Not Really. Really?

I want to talk more about a logical fallacy that comes up a lot, one that I briefly mentioned in my article busting the myth(s) of the barsexual. It’s called the “No True Scotsman” fallacy, and the reason it’s called that is because it’s most commonly illustrated with stories similar to this one:

Feargus reads a story in the morning paper about a horrible murder in Edinburgh. “See what these foreigners within our borders have done! No Scotsman would have done such a terrible thing!” The next morning, he learns that the crime was committed by his second cousin. “Well, he’s not really a Scot, no True Scotsman would have done this.”

One of the big areas where this comes up is because people use a version of this to erase bisexuals, almost invariably by comparing us to myths and then using those myths to claim that we’re not “real bisexuals” – some even go so far as to claim that because the standard is mythical, there cannot be any such thing as a real bisexual.


Let me give you an example that happened to me. A fellow said, in what appeared to be all seriousness, that “bisexual means exactly 50/50 attraction, and everyone has a preference, no matter how slight, for one gender or another, so you can’t be a real bisexual because there are no real bisexuals.” (This is the old “You’re a liar” offense. And there’s a little bit of dragging out the old “Kinsey 3” to justify it there too, dontcha think?)

Here’s some others:

“All bisexuals have to have multiple partners and threesomes, so if you don’t you’re not a real bisexual.” (Important note: having multiple partners makes you polyamorous. People who are polyamorous can be straight, gay, or bi – and as long as I’m busting myths, let me bust one about polyamory: there are plenty of polyamorous people who don’t have threesomes. Like, ever.)

“All male bisexuals are actually gay men in denial, or gay men lying in order to get more casual partners, so there are no real bisexuals, therefore you’re not really bisexual.” (“Liar Offense” strikes again.)

It’s also used quite a bit against the trans* and asexual communities.

“Women are born with vaginas, so you’re not a real woman.”

“Anorgasmia is a medical condition, so you’re not really asexual, you just need to see a doctor.”

It comes up sometimes in theist/atheist debates, often when someone who identifies as a Christian is told that “Since the Bible says it’s the whole and only truth, if you don’t believe every single word to be literally true, you’re not really a Christian.”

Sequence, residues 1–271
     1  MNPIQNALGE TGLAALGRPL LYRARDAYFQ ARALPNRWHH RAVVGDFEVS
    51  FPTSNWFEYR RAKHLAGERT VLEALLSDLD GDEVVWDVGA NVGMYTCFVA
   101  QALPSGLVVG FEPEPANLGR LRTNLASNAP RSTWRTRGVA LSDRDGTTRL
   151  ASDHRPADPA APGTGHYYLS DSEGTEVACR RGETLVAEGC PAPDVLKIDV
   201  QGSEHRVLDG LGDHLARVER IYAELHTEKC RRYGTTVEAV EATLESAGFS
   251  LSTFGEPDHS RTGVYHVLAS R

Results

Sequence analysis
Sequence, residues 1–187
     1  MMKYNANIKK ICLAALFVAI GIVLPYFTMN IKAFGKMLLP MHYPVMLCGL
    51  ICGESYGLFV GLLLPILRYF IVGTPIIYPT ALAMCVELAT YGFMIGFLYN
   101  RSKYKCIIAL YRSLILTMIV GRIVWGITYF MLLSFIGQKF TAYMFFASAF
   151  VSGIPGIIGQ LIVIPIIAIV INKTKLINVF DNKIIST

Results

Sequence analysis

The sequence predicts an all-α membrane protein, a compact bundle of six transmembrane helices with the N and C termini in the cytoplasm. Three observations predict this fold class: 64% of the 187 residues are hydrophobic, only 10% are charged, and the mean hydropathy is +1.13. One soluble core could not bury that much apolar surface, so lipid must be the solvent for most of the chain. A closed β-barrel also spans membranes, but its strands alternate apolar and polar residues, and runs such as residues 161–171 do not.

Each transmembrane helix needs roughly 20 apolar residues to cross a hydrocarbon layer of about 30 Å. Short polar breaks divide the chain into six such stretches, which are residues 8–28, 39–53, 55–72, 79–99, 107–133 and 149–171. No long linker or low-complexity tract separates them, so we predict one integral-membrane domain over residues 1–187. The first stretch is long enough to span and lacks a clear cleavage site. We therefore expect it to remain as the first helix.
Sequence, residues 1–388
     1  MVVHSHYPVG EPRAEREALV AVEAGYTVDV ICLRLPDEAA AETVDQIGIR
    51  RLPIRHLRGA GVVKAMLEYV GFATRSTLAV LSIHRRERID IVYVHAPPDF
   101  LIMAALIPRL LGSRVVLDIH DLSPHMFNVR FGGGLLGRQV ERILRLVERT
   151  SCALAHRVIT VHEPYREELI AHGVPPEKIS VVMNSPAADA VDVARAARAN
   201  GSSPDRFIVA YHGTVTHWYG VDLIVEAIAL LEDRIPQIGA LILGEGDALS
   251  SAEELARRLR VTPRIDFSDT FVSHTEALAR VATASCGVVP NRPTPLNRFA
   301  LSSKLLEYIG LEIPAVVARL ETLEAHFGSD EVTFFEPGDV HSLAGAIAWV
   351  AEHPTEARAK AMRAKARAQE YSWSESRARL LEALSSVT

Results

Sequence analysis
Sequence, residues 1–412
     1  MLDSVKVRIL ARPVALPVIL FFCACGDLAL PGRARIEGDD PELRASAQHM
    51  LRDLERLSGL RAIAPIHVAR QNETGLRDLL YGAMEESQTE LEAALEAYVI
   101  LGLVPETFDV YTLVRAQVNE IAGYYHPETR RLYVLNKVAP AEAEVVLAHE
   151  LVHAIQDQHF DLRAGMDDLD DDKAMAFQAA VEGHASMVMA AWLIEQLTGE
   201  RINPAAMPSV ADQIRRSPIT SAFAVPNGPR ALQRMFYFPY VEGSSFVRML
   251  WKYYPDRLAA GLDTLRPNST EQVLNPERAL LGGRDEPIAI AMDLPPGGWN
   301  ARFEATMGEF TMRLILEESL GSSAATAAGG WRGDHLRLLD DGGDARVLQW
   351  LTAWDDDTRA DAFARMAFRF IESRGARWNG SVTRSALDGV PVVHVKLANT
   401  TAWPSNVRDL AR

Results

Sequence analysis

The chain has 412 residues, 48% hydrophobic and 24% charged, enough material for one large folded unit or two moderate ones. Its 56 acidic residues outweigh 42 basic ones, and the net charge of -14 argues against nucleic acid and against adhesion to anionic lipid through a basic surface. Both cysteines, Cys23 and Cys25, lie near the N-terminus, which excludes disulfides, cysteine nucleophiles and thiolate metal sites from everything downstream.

The upshot is this: don’t tell people they aren’t “real [whatever]s” because they don’t fit your definition of what you think they are. You are likely to be wrong, and doubly or triply so if your definition of what’s a “real” whatever is being applied to a whatever that you do not identify as.

Busting the No True Scotsman fallacy in itself busts a lot of myths, because so many of the myths used to facilitate erasure by straight and lesbian/gay people depend on it. Dan Savage famously erases bisexuality by claiming that men who like people outside the rigid poles of male/female are really just open-minded straight men, because obviously there’s nothing queer about a (presumably cis) man enjoying a penis as long as there’s a pair of breasts above it. He also erases bisexuality through repetition of the “Bi Now, Gay Later” trope, and regularly denigrates trans*folk in a lot of other ways as well.

Recently on Twitter he said he was writing a chapter on bisexuality for his new book and wondered aloud if it would “make it all better or get my gay ass killed.” Well, Dan, if you simply say “I was wrong about stuff and apologize for saying biphobic things” rather than doubling down by trying to convince us you were right all along and then saying more biphobic things, then maybe your reputation in the bisexual community will improve.

The constant use of variations on the No True Scotsman fallacy is the symptom of a big problem. It goes to the heart of many of the issues I write about.

So much of the crap that’s out there, so many of the biphobic statements and attitudes that are the reason that bisexuals have a higher rate of drug, alcohol, and mental health problems than the overall queer population, so much of the daily derp that infests the internet from Tumblrs that claim being gender-blind is superior to “reinforcing the binary” (see Even Aud for some important information on that one) to well-meaning college Queer Resource Centers that mischaracterize (or utterly erase) bisexuality in their Safe Space trainings comes from losing track of a pair of very simple and closely related ideas:

Don’t talk about us without us. Believe us when we tell you about ourselves.

It’s pretty simple. Don’t attempt to define (or redefine) bisexuality or bisexuals without listening to what we have to say about ourselves. Yes, we’re not always going to agree, any more than any other heterogonous population. There are millions of us, and about all we can actually agree on is that the one thing we all have in common is that our range of attraction is not restricted to either our own gender or a specific “opposite” gender. There are going to be individuals among us who can be found that embody any stereotype you want to apply. But none of these myths and stereotypes will apply to the entire population.

You want to know who we are? Demographically, we’re pretty much just like everybody (mostly working class, racially diverse, from all over). A lot of us are in the closet, and a lot of us are pretty stressed out by being rejected by the straight dominant culture – and many of us are further stressed by being rejected by loud elements in L/G culture too.

Some of that stress – hell, a lot of that stress – could be alleviated simply by people taking the time to listen to what bisexuals have to say. It’s not that hard. We’re everywhere.